Special Issue "Biomineralization in Marine Environments"
Deadline for manuscript submissions: 30 October 2022 | Viewed by 300
Interests: bryozoa; experimental ecology; biomineralization; marine bioconstructional ecosistems; climate change
Interests: bryozoa; fossil invertebrates
Interests: biomineralization; mollusks; skeletal organic matrices; evolution; diagenesis; proteomics
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Biomineralization in marine environments encompasses a variety of complex processes that have been shaped through the vastness of geological time. Both biomineralizing algae and animals are characterized by extremely specialized physiological pathways that are able to precipitate biominerals, the bricks of mineralized structures. The first evidence of such structures dates back to the Neoproterozoic period (740 million years ago), but it is only from the Cambrian period (540 million years ago) that biominerals become abundant in many different marine phyla.
Nowadays, marine biomineralizers are ubiquitous in the ocean and have adapted to live in extremely diverse environments, from polar regions to the tropics, and are well represented across taxa, showing a great variety of physiologies, anatomies, and habitats. The processes of biomineral formation, which involve molecules, structures, cells, and the whole ecosystem, are biologically driven but extremely complex, and most of the biomineralizing taxa are largely unknown. Furthermore, how the conditions and the location (i.e., molecular, structural, cellular level) of the environment influence the biomineral formation within taxa is still unclear.
Both unicellular, such as cocolothophores and foraminifera, or multicellular reef-forming contributors such as coralline algae, bryozoans, and corals, are all marine biomineralizers that represent a great resource for the oceans of the future. The results of complex physiologies are organisms that are able to provide several ecosystem services, such as those related to climate regulation (i.e., carbonate storage), food provisioning (i.e., shellfish production), and habitat support (i.e., biodiversity promotion) as well as cultural services (i.e., diving or snorkeling activities). More than 60 different minerals are known in modern organisms, and new biominerals as well as associated molecules continue to be discovered, representing important resources for other applications (i.e., pharmaceutics). Thus, there is a growing need to fill gaps in the biomineralization knowledge within taxa to understand the fate of marine biomineralizers in the oceans of the future.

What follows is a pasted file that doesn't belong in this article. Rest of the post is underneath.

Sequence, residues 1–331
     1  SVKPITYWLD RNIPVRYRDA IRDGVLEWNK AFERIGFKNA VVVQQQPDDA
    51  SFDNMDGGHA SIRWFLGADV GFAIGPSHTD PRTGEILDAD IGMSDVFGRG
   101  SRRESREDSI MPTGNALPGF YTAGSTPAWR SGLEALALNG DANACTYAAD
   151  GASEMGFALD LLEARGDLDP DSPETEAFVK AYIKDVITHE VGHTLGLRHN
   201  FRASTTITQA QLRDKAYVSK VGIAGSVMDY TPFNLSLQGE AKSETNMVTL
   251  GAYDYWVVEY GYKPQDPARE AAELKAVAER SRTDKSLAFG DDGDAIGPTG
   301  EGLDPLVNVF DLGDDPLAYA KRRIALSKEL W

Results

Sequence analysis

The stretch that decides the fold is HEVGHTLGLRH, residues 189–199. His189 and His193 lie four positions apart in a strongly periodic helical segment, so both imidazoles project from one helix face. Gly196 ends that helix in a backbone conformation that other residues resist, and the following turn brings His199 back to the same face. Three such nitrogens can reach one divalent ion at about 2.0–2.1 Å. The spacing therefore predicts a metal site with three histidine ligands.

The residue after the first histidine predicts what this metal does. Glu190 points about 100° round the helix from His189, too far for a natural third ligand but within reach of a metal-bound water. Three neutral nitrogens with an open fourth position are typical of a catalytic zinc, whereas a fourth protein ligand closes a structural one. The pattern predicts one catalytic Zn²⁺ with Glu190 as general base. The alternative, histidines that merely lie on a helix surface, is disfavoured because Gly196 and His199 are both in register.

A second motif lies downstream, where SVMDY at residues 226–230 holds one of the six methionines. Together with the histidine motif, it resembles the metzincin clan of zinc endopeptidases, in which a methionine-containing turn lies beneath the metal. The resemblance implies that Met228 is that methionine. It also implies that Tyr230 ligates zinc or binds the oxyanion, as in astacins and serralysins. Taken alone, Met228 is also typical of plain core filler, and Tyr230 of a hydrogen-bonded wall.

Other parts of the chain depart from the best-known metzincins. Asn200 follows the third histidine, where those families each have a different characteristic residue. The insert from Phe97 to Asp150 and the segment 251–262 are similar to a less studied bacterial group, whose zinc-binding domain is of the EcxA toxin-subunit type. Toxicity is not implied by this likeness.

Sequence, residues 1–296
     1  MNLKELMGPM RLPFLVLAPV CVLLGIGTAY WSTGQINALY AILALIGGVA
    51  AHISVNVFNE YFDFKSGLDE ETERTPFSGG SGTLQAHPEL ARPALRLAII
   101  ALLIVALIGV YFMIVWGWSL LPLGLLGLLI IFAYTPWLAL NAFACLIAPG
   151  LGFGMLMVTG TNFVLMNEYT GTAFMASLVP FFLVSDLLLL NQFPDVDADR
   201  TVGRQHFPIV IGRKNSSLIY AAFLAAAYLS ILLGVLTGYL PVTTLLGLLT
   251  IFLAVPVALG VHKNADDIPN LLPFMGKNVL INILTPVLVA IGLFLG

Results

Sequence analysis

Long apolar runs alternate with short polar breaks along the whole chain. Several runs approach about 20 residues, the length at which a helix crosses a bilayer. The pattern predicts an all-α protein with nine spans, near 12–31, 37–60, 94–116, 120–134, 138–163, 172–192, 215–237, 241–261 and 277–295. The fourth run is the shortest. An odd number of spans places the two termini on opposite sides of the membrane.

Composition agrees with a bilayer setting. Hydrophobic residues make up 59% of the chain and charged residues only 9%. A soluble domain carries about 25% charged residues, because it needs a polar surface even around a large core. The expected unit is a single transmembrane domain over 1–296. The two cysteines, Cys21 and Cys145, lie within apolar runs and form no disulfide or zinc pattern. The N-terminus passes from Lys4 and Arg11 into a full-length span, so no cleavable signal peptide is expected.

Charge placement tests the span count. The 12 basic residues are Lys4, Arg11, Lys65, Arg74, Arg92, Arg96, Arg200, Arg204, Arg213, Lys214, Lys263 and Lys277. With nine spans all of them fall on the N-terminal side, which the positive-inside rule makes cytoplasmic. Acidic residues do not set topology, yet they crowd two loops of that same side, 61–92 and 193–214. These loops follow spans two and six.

This Special Issue welcomes all type of papers on biomineralization in marine organisms, from molecules, structures, cells, and the whole ecosystem, including the evolution of biomineralization over time and future adaptive strategies for biomineralizers that under climate change threats.
Dr. Chiara Lombardi
Dr. Paul Taylor
Dr. Frédéric Marin
Manuscript Submission Information
Manuscripts should be submitted online at www.mdpi.com by registering and logging in to this website. Once you are registered, click here to go to the submission form. Manuscripts can be submitted until the deadline. All submissions that pass pre-check are peer-reviewed. Accepted papers will be published continuously in the journal (as soon as accepted) and will be listed together on the special issue website. Research articles, review articles as well as short communications are invited. For planned papers, a title and short abstract (about 100 words) can be sent to the Editorial Office for announcement on this website.
Submitted manuscripts should not have been published previously, nor be under consideration for publication elsewhere (except conference proceedings papers). All manuscripts are thoroughly refereed through a single-blind peer-review process. A guide for authors and other relevant information for submission of manuscripts is available on the Instructions for Authors page. Minerals is an international peer-reviewed open access monthly journal published by MDPI.
Please visit the Instructions for Authors page before submitting a manuscript. The Article Processing Charge (APC) for publication in this open access journal is 2000 CHF (Swiss Francs). Submitted papers should be well formatted and use good English. Authors may use MDPI's English editing service prior to publication or during author revisions.
- climate change
- biomineralized structure